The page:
Category Archives: Poetry
You stripped me of my
rank in a crowded Starbucks
on dismal and damp Sunday
evening on your way home
from my war zone.
Your day had been calm
and joyful and you asked
me if it really had been all that bad.
You mocked my scars and
turned off your ears.
You are done with me.
You don’t care about me, and
to be honest, the feeling is mutual.
But you lazy, incompetent fools:
you half-assed it, again.
You canceled my legal status
as a minister, as if my
ordination had anything
to do with you.
I am ordained, whether you
like it or not. God did that;
if you have a problem,
take it up with God.
Because so far, God has not
taken it away. I preach,
though my sermons are
now meted out in segments,
dispensed more often as acts
of love that don’t make sense
to the angry and selfish sheep
who frankly piss me off most days.
God still places me
with those who need counsel,
but not in my office
with cups of coffee and
planned responses, but behind
a truck stop counter, when she
told me she is terminal, or
she told me she cuts herself
to ignore her pain.
Rank is of no consequence.
Yours does not make you
a minister, just as losing
mine does not stop me
You took my title but damn
if you didn’t cock it up again.
Because you didn’t take
my ministry, my sermons, my
You couldn’t if you wanted to.
They were never yours to
give in the first place.
We’re ministers – even when we’re not. – BobbyJeff
Clearly, I was pretty angry when I wrote that. Some moments, I still am, and those moments are getting fewer and farther between. I’ve gone in circles about posting it, more because it’s just terrible. But it’s honest, and honesty is what I aim for more than anything else. If nothing else, hopefully, it will help in some way, whether it is that someone will understand me better, or will be able to relate and feel a little less alone. My most frequent emotion relating to the trauma that happened is a sense of outrage over injustice. The things that weren’t fair, the things that are overlooked now, the people who failed to do their job without consequence, the annoying prices I have to pay over and over again… It all adds up to a lot of annoyance. But days are getting better, I promise.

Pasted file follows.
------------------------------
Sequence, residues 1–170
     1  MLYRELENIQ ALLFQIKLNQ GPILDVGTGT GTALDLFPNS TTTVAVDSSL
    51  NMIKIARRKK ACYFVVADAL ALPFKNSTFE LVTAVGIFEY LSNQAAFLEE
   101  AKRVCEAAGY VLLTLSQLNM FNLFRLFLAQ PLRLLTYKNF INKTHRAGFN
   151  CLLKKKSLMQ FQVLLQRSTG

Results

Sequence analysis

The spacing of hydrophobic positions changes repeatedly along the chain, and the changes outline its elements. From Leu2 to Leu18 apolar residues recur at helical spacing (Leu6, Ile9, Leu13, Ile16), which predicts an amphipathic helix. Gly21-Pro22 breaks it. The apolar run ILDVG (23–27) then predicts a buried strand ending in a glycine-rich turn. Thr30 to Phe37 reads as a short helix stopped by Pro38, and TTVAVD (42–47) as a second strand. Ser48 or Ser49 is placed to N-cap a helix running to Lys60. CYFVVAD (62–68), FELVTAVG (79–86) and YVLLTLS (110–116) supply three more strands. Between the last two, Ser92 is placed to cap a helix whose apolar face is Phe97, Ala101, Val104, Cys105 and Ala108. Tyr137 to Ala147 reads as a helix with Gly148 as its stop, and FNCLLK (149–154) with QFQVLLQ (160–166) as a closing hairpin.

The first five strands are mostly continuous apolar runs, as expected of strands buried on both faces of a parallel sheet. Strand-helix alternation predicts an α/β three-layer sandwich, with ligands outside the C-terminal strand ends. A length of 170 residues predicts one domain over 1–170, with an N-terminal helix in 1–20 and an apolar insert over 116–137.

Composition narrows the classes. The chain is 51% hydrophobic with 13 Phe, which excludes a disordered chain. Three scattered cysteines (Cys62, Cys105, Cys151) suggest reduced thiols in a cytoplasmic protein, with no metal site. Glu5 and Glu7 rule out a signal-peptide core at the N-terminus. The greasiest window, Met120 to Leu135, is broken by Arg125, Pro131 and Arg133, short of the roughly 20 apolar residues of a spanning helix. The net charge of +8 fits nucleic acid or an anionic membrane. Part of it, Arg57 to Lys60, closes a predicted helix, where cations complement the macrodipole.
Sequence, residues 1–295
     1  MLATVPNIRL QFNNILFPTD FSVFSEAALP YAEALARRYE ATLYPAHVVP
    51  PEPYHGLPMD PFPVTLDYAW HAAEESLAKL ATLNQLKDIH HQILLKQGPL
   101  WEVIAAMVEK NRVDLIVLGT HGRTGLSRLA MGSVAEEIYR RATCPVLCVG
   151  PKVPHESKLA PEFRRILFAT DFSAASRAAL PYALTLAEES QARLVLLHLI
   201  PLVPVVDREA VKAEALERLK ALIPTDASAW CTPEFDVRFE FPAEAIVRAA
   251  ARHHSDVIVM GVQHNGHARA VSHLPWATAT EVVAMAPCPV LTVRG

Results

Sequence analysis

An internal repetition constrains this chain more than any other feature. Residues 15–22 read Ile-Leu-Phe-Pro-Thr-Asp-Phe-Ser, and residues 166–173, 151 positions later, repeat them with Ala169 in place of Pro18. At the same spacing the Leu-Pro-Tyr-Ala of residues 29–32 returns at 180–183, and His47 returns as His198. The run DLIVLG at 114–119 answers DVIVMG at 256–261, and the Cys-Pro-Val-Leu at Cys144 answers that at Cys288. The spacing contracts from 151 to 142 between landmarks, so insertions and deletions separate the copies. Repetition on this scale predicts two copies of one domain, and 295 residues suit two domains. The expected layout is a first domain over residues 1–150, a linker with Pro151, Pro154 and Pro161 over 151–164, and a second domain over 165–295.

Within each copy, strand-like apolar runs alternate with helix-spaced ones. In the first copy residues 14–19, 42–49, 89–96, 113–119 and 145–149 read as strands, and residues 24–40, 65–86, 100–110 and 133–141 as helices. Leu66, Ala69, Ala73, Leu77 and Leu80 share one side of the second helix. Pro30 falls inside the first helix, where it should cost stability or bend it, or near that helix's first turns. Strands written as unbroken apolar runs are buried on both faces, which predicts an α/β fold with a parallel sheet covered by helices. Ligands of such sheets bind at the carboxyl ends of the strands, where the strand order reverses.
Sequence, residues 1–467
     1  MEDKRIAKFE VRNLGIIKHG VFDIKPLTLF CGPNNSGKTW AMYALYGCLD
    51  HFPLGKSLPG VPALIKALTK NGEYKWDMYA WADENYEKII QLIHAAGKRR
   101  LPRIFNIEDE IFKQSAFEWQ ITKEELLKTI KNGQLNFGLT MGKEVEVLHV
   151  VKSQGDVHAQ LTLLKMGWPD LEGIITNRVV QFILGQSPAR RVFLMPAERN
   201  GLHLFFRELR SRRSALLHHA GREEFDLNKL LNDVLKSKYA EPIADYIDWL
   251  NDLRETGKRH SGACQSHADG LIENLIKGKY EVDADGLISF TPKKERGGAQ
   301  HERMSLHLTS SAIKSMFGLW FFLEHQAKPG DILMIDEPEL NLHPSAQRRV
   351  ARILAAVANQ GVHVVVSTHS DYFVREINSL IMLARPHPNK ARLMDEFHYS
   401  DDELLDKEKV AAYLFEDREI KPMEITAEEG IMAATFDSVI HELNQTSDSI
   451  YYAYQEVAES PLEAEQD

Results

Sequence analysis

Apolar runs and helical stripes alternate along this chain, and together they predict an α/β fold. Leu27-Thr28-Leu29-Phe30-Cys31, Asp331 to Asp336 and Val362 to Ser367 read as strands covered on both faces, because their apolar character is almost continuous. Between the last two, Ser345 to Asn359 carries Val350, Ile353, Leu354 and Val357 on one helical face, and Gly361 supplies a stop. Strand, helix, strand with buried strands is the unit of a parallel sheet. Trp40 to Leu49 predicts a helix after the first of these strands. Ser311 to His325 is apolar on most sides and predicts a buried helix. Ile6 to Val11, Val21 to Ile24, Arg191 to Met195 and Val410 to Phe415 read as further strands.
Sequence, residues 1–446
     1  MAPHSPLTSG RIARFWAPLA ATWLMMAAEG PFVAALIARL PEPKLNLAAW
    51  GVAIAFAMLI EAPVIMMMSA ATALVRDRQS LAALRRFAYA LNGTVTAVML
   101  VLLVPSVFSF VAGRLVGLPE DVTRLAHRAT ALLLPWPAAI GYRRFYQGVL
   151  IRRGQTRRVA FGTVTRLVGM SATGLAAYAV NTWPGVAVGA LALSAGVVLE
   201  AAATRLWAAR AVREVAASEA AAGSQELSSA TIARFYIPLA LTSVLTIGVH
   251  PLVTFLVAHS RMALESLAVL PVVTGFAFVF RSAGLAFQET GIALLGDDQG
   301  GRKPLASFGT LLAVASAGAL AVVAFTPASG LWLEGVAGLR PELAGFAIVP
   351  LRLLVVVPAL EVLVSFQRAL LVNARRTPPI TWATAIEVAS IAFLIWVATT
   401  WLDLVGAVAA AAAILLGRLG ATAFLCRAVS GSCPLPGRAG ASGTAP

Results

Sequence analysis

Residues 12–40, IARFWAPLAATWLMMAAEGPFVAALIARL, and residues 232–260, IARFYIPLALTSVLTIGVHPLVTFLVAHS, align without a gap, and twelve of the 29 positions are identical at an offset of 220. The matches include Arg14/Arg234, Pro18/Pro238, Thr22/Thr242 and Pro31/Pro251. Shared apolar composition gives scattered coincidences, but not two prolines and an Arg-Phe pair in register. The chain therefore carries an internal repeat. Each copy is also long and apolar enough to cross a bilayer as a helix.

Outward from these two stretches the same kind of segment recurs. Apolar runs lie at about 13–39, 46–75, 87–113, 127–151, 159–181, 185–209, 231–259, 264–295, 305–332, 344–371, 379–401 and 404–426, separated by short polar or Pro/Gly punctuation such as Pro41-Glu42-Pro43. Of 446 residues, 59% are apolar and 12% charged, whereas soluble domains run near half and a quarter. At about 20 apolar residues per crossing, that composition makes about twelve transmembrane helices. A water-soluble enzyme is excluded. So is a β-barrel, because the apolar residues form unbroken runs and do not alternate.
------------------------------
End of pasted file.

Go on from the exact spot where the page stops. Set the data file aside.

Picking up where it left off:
Time is a thin veil
that hangs between me and
but if I close my
eyes and hold my breath,
it is thinner.
The November ocean
numbs and foams around my
feet and the peach
sky sets slowly
while dolphins play in
Brown shag carpet
under my legs while I eat
my grandmother’s voice
telling me stories that I’ll too
The scent on his skin
when he moved in closer,
taking my face
in his hands,
so familiar, exciting, and
If I just stop,
still, hold my breath and close
my eyes, I
But my eyes
cannot stay shut, nor my ears
strain to hear
the voices and
sighs and train whistles of
time gone by.
Time is an
impermeable veil, with new
wade, stories to
live, and lips to kiss, and
I can’t wait.
She is merciless
As she stomps throughout her day,
Shouting her frustrations and anger
At me, blaming me for everything
That has gone wrong and
Pointing out every failure.
The sorrow in Sudan? Because I
Do not care enough.
The election of corrupt people? All due
To my apathy.
The recently puffy nature of my damned ankles?
If I wasn’t so weak and lazy, they
Would be fine.
I try to reason with her, but I
Don’t know why I bother anymore.
No matter how often I remind her
Of my redeeming qualities, and the
Lack of control I have over
Things like traffic patterns and Ebola
Outbreaks, she only uses them as reasons
To find more fault. More blame.
I’ve tried everything.
But the bitch in the mirror just won’t shut up.
Held long and smooth
in my hand, firm flesh and
thin skin, examining the veins,
coaxing out the seeds that